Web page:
By comparing the totals of the three categories of actual firearms reported in Q#13 [Total “crime guns” seized that were Prohibited, Restricted, or Non-restricted] with Q#6 [total “crime guns” seized], we find that 30% of “crime guns” reported seized aren’t actual firearms.
Given the low quality of these definitions, it is virtually impossible to answer the question if legal firearms owners pose a threat to public safety.
2. How many of the “crime guns” are “domestically sourced”?
Comparing Q#13 with Q#6, we find that 23% [1,787/7,764] are reported as “domestically sourced.” But an unknown number of these “crime guns” aren’t even guns.
3. What proportion of “crime guns” were smuggled?
This is impossible to know because the TPS fails to report how many “crime guns” were traced.
The TPS reports how many “crime guns” were traced to the US, but they don’t say what proportion were submitted for tracing. It is extremely doubtful that the TPS traced all “crime guns,” but what fraction was traced, is not reported.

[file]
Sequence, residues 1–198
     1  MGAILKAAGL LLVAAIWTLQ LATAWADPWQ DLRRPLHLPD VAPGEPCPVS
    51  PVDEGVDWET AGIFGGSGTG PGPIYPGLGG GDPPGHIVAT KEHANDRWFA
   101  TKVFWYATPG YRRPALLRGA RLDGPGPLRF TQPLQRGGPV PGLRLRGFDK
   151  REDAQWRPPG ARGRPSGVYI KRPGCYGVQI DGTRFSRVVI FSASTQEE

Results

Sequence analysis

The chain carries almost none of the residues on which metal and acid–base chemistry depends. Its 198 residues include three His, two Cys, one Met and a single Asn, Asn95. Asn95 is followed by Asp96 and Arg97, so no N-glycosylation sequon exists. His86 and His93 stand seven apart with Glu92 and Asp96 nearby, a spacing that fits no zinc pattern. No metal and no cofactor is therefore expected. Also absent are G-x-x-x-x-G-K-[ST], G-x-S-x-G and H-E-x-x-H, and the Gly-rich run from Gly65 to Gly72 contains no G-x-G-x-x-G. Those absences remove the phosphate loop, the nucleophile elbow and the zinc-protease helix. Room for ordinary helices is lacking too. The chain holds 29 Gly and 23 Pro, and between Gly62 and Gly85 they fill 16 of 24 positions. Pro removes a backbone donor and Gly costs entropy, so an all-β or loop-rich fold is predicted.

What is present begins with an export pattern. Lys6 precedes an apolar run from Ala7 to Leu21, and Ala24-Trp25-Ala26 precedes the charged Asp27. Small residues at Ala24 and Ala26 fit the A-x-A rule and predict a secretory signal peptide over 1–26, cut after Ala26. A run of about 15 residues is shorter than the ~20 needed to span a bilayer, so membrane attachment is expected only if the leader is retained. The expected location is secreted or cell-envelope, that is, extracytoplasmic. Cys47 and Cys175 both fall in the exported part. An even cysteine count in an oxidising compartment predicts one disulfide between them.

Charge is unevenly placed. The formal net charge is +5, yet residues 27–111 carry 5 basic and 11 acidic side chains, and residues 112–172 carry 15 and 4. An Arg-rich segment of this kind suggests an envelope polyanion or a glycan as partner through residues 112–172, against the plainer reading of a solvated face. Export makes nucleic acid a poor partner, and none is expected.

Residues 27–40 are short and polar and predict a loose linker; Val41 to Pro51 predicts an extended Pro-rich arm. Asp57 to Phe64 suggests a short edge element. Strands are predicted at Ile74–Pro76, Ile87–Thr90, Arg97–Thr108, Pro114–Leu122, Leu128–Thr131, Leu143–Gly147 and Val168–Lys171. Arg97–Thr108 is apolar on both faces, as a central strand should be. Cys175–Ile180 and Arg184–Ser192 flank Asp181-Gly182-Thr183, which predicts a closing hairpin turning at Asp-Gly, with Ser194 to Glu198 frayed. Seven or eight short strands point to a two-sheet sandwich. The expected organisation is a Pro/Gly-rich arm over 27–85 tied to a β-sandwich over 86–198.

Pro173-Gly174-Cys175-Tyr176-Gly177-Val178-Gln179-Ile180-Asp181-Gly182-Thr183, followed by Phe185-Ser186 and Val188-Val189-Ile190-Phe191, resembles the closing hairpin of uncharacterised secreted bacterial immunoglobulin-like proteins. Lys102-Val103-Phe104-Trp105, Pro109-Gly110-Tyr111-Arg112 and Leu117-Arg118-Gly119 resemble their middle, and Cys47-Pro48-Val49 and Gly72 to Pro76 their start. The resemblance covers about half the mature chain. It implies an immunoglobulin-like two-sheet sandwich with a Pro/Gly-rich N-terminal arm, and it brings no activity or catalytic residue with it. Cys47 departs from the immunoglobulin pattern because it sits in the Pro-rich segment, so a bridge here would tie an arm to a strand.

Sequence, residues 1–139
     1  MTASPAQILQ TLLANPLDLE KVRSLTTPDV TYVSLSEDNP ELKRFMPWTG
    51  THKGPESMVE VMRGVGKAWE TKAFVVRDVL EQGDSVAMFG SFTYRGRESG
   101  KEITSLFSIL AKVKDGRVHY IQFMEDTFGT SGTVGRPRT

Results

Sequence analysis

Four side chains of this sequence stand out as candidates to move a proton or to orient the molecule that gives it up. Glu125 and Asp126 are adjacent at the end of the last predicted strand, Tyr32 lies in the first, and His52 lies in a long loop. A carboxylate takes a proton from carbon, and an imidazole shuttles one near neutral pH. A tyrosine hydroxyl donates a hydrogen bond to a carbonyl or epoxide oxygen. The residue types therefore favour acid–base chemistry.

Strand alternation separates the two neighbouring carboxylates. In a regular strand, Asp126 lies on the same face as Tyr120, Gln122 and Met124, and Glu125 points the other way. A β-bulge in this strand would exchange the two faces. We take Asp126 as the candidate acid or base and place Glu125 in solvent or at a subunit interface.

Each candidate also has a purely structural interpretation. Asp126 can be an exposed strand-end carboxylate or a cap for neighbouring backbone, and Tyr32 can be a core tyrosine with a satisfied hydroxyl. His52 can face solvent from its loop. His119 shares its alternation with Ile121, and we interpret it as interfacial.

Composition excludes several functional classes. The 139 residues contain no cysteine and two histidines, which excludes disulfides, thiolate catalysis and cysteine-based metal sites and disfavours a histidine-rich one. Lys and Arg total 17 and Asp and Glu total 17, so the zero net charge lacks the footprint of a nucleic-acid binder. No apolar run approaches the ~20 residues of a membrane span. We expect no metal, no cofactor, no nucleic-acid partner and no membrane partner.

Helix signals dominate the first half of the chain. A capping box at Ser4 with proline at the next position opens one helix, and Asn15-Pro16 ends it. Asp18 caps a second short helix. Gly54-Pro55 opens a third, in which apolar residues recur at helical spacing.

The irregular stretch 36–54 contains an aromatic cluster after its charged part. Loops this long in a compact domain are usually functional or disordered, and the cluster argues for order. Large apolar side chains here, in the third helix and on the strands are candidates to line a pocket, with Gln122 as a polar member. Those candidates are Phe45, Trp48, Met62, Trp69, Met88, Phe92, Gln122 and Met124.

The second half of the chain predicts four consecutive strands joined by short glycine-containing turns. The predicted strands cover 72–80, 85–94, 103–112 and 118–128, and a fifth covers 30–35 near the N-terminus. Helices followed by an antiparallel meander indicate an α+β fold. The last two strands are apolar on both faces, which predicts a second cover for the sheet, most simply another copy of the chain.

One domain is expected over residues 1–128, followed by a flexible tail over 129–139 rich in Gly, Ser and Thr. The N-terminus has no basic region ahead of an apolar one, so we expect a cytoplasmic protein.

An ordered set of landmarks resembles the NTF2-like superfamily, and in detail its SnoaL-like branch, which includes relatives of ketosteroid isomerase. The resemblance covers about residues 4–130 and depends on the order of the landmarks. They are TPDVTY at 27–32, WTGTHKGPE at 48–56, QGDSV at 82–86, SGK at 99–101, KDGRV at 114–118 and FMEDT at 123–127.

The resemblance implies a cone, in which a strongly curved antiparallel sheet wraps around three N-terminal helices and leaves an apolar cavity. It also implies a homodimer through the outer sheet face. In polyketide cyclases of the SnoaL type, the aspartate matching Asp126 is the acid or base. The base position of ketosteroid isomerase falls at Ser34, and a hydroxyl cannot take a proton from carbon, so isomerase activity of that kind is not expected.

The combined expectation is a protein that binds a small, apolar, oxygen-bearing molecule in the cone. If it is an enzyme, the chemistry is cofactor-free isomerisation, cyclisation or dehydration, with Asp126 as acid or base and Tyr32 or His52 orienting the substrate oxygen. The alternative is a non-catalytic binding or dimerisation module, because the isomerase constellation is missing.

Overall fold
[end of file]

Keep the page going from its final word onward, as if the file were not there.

All we know is that at most 25% of crime guns [1923/7764] were traced to the US. But since the bulk of crime guns couldn’t have been traced, this percentage is far too small. Previously, the police have reported three-quarters to 90% of guns used in violent crime to have been smuggled into Canada.
4. How many “crime guns” came from PAL holders?
To answer this question we can either compare the ratio of Q#11 [“crime guns” legally registered] or Q#7 [the number of “crime guns” seized from PAL holders], with the totals with Q#6 [total “crime guns” seized].
12% of “crime guns” were legally registered [927/7764].
Comparing Q#11 [“crime guns” legally registered] with Q#6 [total “crime guns” seized].
14% of “crime guns” were seized from PAL holders.
Comparing Q#7 “crime guns” seized from PAL holders with Q#6 [total “crime guns” seized]
To conclude: A conservative estimate would be that at least twice as many “crime guns” (as defined by the TPS) are smuggled from the US as are seized from law-abiding Canadian firearms owners.